Video Tour: Detroit Suburb, You Can Never Have too Many CVSs

Metro Detroit resident Chris Weagel sent us this video he made exploring the complete and utter vacuousness of his suburban home town St. Clair Shores.

Let’s take a look see.

Chris says: I’m 29 and have lived in Metro Detroit my whole life. I’ve about had it with the place and am saving money to flee.

The Older Generations still in control have no idea how incensed and disgusted the young people are at them for destroying Detroit and telling us to be thankful.

This video was produced by Human Dog Productions.

I’m editorializing a little bit here, but I just want to point out that this is what we let those beautiful theaters in Detroit rot for. The ones that were made by skilled craftsman that no longer exist. But hey, as long as we can conveniently get lotto tickets and menthol cigarettes from an out-of-state corporation, everything is good, right?

-A.S.

2 Comments

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2 responses to “Video Tour: Detroit Suburb, You Can Never Have too Many CVSs

  1. Jeffrey

    Very entertaining and right on.

    The older generation has no idea how to attract and keep young professionals in Metro Detroit. They don’t understand that we long for a sense of community, with locally owned shops, a viable downtown, and great public transportation. We don’t want pharmacy’s, fast food joints, and gas stations on every corner!! Every ‘community’ looks the same, from St. Clair Shores to Livonia!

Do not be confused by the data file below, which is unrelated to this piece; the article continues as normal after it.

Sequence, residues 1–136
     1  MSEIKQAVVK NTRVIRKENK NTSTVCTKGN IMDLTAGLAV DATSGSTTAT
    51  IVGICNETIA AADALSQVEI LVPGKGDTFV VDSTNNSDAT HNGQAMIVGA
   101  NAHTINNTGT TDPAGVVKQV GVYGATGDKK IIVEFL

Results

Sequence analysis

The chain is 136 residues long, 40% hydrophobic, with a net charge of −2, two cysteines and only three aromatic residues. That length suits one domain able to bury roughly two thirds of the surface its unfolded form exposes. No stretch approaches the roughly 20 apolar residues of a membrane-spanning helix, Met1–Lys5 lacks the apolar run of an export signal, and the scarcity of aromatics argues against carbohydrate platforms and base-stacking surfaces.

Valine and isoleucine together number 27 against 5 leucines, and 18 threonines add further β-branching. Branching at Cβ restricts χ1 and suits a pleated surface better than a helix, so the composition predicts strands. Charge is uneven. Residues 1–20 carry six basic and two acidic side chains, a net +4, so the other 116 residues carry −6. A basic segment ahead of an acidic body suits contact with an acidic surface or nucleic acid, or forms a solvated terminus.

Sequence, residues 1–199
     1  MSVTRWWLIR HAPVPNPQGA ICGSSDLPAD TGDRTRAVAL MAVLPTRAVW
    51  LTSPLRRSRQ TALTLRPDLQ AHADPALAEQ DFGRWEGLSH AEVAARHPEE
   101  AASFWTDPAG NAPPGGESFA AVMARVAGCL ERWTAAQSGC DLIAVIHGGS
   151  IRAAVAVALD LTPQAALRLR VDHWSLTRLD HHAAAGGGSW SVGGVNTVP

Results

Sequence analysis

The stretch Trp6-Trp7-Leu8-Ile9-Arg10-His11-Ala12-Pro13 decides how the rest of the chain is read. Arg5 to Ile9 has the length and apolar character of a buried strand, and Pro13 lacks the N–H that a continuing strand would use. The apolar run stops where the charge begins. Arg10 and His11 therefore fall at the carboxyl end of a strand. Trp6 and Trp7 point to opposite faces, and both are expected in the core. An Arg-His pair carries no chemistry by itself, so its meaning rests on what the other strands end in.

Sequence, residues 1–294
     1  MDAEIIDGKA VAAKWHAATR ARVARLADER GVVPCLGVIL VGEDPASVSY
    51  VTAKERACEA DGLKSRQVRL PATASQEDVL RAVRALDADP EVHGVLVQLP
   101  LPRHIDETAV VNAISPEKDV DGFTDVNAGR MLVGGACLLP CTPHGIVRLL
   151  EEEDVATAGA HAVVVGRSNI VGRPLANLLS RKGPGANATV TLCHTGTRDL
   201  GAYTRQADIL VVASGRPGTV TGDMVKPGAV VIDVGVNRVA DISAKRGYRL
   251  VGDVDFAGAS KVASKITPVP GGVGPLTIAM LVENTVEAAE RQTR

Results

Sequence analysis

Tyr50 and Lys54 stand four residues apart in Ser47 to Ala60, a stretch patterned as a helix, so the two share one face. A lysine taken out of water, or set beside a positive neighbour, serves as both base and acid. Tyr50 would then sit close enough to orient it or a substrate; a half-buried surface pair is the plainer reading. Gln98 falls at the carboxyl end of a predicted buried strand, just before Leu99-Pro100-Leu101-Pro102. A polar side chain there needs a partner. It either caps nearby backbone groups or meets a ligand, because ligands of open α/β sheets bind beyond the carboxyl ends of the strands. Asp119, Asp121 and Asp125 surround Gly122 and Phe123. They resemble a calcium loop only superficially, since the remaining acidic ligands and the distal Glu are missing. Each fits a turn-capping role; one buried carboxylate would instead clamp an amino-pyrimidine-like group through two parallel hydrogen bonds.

It’s unfortunate that so many of us are leaving. I don’t know about you but I love this city with its rich history and cultural significance and I think that it is worth saving. So I’ll do everything in my power to change the status quo and to show our leaders we have political relevance.

  2. MWBrown

    Check out two books – Zoned Out by Jonathon Levine and The Option of Urbanism by Christopher Leinberger.

    The problems are complex and a long time coming the answers are also complex and deal with some pretty esoteric issues that are not readily graspable.

    Zoning laws that are 60 years old have entrenched constituencies and financing paradigms created out of the S&L mess in the late 80’s driving the deadening homogeneity we lament.

    Ugh, I feel like Sisyphus.

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